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Navajo nation OKs coal plant lease extension

27 Jun 2017 20:22 (+01:00 GMT)
Navajo nation OKs coal plant lease extension

Washington, 27 June (Argus) — Tribal leaders have approved legislation to extend the lease on the largest coal-fired power plant in the western US beyond 2020.

The Navajo Nation Council in Arizona voted 18-4 yesterday to extend the Navajo generating station's lease from 23 December 2019 through 22 December 2054 in exchange for cash and other concessions.

That means a tentative agreement reached last month by the Navajo nation and utility owners is all but complete.

The coal plant will still end operations as planned on 23 December 2019. But the 35-year replacement lease will give operator the Salt River Project (SRP) time to decommission the plant and carry out required long-term environmental monitoring. It will also provide the Navajo Nation with a stable source of revenue as its economy is expected to be disrupted by the loss of $30mn/yr in revenue and 400 jobs from the plant.

SRP said the language of some amendments to the measure still needs to be reconciled before the agreement can be finalized. It declined to provide specifics, but a representative for plant co-owner the US Bureau of Reclamation called the negotiations a formality.

SRP said utility owners were hopeful the remaining details could be worked out before 1 July, which is the date by which they would have to begin decommissioning the plant if an agreement is not reached.

The bill, introduced by Council speaker LoRenzo Bates on 24 May, calls for the Navajo plant to be decommissioned between 23 December 2019 and 23 December 2024. Navajo nation president Russell Begaye and some other parties would like to keep the plant open beyond 2019, but utility owners voted in February to retire the plant by the end of 2019.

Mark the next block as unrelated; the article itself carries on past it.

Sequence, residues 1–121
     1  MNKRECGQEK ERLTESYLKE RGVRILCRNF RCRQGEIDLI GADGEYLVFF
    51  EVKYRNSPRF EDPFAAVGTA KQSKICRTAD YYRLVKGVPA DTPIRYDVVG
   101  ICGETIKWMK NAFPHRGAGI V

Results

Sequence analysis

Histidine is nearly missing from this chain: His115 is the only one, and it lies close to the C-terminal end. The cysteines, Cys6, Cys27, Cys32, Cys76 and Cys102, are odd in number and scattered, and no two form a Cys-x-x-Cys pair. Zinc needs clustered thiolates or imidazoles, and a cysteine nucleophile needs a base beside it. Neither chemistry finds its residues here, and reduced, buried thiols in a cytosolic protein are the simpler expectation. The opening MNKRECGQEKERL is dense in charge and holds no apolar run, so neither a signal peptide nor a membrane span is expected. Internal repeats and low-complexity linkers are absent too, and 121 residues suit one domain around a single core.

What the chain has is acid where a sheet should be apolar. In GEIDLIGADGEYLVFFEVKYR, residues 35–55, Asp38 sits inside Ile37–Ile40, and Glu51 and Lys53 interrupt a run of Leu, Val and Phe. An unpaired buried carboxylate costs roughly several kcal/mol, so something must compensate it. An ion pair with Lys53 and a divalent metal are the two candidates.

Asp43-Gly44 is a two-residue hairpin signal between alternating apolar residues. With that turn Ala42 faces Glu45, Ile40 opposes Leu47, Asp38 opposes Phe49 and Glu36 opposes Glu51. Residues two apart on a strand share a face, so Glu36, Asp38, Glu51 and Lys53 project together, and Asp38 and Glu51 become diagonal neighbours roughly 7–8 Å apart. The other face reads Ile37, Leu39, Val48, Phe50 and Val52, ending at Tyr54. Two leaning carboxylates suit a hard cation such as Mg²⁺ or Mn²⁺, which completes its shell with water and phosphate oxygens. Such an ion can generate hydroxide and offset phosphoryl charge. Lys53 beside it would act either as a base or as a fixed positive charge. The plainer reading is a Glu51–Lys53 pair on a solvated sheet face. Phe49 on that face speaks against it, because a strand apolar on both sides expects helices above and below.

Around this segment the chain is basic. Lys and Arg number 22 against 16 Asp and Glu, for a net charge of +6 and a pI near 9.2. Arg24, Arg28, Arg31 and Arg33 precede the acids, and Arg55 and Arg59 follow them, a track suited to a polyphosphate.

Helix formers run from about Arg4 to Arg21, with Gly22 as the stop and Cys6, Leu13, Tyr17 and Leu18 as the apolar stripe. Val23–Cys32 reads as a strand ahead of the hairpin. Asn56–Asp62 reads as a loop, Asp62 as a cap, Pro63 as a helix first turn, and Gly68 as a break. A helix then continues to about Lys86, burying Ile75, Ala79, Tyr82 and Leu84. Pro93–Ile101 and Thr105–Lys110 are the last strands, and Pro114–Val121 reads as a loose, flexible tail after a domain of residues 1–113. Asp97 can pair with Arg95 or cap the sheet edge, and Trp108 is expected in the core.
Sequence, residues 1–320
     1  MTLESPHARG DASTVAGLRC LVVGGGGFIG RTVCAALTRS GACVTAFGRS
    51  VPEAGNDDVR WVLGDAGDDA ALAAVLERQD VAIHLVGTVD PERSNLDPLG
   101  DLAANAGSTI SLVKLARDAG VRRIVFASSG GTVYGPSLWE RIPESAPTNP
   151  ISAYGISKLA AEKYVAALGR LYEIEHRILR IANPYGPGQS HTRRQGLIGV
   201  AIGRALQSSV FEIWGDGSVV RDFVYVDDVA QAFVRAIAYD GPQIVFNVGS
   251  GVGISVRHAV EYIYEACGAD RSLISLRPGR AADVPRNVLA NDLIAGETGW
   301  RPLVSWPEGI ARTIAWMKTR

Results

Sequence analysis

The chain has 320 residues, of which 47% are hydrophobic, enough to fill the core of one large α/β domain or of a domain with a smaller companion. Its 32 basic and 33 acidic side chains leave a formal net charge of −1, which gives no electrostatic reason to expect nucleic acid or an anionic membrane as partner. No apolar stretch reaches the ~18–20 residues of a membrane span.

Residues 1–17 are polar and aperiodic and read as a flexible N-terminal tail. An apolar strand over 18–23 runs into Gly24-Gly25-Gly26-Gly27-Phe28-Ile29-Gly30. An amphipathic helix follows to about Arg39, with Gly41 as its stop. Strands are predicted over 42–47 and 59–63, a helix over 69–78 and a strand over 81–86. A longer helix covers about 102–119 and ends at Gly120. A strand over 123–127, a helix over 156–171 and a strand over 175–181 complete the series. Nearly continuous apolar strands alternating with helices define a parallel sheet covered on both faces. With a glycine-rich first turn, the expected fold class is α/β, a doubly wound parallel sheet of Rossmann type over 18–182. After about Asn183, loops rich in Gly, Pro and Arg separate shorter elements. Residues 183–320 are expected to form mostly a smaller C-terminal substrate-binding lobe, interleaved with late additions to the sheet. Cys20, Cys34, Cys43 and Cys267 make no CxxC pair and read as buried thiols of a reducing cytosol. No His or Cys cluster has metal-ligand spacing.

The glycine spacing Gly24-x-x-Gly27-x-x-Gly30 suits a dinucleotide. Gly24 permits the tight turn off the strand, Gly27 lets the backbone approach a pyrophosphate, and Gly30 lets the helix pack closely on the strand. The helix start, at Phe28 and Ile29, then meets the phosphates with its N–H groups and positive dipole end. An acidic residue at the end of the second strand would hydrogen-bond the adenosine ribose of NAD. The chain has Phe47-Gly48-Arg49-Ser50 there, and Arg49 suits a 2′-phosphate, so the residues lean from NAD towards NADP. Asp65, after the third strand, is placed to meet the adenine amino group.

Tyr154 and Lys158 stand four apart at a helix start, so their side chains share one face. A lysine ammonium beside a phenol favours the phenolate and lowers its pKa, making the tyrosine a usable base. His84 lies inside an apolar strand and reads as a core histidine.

SRP owns the plant along with the US Bureau of Reclamation and utilities Arizona Public Service, Tucson Electric Power, and NV Energy.

Under the agreement, the owners will pay $110mn to the Navajo plus $18.1mn over three years beginning in 2020 to share the cost-savings the lessees expect to realize as a result of not having to demolish the plant. They also will make about $1.66mn in other payments tied to costs and savings over the term of the lease.

The replacement lease would also allow for the ongoing operation of the Navajo nation's electric transmission system, SRP said.

SRP said it was pleased by the decision. "This agreement provides meaningful benefits for all involved and creates a path forward during this challenging transition." The company added it plans to let all employees at the Navajo station transfer to other facilities when the plant is closed, if they choose to do so.

The Navajo Council did not respond to a request for comment.

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